Conscious, Carolina

There it was. It was that faint tune. The tune of a song playing on a jukebox from the back room in a dingy bar within the ghost town of a dream. The mysterious sound meandered through Edmund’s head while he lied wide awake during the early hours of the morning—the hours of the morning that probably shouldn’t be called the morning.

Football season was over now and Edmund was alone for a while. He hadn’t even left the house in possibly a week, and his phone might as well have been cast into oblivion. He’d come to the conclusion that he liked it that way and hated it at the same time. And that protruding facial scruff—he was definitely aware of it. But it wasn’t a fashion statement.

He rolled out of bed, and clumsily trudged down the stairs. His weight against the creaking wood was bearish. He slipped his undersized slippers onto his feet, and stepped out onto the backyard patio. The air was stagnant and the ground was slightly damp from a prior polka-dotted drizzle of rain. Edmund gazed out at the world. The cityscape and the sky seemed to have traded places. One was filled with a sprawling concentration of stars, and the other was black and empty.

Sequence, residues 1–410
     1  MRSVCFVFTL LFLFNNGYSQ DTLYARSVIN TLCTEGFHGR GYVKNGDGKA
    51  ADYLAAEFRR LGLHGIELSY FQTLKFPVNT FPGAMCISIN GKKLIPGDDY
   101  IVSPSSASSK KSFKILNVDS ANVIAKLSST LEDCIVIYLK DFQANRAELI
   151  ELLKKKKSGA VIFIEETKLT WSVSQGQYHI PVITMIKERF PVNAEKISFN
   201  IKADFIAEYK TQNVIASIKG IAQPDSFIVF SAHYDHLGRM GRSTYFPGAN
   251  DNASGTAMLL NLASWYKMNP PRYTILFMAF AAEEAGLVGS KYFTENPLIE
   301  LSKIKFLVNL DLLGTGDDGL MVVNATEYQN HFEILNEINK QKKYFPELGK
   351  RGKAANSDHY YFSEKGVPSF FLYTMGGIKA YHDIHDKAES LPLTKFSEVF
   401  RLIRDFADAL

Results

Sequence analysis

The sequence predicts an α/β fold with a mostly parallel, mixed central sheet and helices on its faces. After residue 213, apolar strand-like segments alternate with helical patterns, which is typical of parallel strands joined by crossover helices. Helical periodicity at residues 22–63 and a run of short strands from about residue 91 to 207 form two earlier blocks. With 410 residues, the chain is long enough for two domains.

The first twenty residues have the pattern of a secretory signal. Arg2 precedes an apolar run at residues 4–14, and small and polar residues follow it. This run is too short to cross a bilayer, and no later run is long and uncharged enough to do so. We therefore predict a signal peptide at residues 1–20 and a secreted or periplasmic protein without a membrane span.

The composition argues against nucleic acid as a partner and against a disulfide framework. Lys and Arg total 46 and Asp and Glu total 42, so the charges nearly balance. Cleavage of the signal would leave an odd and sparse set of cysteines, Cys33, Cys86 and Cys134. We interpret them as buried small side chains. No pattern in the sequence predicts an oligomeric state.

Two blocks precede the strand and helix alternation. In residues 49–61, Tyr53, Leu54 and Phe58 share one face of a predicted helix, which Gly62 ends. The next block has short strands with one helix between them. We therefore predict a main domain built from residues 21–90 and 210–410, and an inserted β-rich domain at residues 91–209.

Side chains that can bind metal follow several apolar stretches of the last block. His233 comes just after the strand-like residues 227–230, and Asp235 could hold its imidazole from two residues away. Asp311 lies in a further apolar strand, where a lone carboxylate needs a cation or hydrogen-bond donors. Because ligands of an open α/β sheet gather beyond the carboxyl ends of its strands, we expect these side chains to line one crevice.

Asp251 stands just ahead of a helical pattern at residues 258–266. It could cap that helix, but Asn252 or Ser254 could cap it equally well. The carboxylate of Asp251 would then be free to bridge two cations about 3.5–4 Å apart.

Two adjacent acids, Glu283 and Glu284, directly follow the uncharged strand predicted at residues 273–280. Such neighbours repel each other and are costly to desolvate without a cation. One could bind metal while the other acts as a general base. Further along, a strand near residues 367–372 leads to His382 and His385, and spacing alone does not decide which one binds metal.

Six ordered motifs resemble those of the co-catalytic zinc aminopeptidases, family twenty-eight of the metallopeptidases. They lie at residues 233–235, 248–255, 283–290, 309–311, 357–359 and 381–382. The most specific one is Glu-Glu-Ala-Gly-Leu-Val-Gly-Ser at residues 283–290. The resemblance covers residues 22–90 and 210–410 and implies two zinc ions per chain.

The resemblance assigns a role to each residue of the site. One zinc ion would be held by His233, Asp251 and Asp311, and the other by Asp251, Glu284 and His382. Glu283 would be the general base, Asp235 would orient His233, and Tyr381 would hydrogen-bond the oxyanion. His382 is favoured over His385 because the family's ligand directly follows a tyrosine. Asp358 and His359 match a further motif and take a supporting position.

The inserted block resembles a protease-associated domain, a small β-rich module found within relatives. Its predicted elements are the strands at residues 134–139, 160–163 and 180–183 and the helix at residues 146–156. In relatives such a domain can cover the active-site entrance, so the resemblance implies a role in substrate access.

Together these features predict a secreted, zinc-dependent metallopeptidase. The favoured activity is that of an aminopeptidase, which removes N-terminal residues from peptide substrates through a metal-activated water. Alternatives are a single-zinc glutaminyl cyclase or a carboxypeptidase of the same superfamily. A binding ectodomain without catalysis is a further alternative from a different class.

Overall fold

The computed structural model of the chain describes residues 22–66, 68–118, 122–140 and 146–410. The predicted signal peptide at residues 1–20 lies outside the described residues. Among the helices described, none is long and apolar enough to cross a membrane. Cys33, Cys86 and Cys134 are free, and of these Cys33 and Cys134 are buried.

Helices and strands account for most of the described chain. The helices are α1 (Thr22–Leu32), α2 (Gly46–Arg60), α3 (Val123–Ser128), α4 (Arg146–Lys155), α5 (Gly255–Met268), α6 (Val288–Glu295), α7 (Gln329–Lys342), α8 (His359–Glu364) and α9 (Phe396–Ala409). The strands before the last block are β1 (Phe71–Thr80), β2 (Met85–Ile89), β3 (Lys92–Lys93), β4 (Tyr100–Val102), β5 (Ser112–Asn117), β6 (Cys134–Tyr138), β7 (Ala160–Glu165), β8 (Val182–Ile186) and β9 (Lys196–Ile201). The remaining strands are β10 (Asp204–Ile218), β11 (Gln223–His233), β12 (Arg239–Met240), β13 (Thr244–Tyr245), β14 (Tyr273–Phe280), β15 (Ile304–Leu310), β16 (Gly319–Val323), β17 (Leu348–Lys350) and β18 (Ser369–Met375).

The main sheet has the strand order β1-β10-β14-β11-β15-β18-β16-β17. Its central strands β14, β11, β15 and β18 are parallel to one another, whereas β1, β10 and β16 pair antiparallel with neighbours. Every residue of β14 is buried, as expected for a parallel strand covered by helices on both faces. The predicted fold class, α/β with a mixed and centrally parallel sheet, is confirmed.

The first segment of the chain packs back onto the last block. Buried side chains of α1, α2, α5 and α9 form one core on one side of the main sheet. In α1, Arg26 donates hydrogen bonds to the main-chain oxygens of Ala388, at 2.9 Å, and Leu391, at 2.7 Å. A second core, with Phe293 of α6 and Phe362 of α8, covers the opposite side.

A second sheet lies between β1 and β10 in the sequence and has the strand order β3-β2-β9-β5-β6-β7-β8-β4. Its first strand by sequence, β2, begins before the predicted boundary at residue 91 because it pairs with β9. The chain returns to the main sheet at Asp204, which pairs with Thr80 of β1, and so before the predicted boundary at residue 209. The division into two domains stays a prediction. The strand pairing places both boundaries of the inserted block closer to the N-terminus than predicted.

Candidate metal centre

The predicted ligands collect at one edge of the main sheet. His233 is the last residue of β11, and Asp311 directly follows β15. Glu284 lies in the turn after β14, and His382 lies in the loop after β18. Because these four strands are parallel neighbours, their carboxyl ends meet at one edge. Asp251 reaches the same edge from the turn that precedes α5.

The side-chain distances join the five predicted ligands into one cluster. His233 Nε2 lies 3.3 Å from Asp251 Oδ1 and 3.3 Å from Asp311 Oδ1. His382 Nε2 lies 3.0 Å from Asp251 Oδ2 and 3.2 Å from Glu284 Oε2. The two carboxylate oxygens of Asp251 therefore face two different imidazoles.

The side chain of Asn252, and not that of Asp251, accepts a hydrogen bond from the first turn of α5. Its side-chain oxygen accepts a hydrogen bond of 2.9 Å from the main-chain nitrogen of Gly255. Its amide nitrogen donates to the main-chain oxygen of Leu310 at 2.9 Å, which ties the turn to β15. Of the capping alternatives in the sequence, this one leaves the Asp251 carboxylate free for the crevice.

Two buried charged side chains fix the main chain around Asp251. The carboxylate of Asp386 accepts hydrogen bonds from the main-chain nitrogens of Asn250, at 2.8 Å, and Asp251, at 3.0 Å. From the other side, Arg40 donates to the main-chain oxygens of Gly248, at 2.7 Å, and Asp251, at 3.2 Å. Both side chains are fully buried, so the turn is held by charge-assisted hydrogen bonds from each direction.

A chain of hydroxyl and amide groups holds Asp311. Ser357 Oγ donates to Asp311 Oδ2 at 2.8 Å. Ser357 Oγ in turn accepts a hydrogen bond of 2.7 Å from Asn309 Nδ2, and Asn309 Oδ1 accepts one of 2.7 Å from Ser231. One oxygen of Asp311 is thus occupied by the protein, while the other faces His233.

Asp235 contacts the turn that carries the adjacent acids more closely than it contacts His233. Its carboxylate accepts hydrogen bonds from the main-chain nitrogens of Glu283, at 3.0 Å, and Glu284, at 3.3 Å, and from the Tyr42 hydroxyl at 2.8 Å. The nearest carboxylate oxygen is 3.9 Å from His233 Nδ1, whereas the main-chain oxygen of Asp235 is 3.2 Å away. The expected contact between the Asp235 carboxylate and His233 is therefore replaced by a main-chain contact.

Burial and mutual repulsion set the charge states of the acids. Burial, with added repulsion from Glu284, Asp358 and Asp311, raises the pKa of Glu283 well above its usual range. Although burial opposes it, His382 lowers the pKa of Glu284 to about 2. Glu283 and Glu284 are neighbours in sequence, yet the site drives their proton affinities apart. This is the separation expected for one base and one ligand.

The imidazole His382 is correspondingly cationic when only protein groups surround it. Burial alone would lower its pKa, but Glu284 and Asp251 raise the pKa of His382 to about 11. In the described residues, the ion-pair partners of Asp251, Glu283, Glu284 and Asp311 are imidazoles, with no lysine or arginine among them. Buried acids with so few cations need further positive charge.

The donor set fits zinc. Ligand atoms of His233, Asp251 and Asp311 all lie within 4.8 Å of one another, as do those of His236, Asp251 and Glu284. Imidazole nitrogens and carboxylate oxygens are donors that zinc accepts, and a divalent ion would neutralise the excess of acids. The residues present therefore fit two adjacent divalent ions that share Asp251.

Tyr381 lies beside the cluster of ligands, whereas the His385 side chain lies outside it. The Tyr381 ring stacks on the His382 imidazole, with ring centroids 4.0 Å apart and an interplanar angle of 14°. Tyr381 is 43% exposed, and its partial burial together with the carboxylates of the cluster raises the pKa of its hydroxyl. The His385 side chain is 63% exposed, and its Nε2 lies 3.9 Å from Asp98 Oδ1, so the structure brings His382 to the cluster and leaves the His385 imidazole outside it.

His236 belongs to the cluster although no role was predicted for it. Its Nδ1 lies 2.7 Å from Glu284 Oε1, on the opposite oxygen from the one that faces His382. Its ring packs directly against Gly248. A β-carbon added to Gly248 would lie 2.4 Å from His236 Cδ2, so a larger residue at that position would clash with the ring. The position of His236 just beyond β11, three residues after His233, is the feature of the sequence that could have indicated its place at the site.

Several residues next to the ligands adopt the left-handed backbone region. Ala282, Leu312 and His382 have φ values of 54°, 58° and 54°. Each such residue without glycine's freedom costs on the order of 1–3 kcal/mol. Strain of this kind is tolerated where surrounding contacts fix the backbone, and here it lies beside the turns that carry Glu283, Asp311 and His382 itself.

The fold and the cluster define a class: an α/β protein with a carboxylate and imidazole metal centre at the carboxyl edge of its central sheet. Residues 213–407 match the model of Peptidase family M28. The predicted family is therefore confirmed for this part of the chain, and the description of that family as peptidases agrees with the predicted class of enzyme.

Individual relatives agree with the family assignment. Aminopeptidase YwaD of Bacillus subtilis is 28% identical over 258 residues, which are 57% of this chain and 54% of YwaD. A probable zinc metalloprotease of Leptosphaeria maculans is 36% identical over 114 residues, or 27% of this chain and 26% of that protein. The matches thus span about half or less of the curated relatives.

Edmund lowered his eyelids and slowly inhaled and exhaled. He placed his fingers on his temples and felt the beats of his pulses align. There were pains that he couldn’t remember if he’d ever experienced before or not. Maybe that’s just how things were supposed to feel.

As the sound in his head grew louder and clearer, Edmund opened his eyes and looked over at his neighbor’s silhouette and wondered if he, too, was hearing the same tune.

Zach Murphy is a writer of Hawaiian and Filipino descent. His stories appear in Adelaide Literary Magazine, Mystery Tribune, Ghost City Review, Emerge Literary Journal, Door = Jar, Levitate, Yellow Medicine Review, The Bitchin’ Kitsch, Crêpe & Penn, WINK, Drunk Monkeys, and Ellipsis Zine. He lives with his wonderful wife Kelly in St. Paul, Minnesota.

One thought on “Conscious, Carolina

  1. Pingback: Dapple and Dike | Haiku – Matthew Richardson

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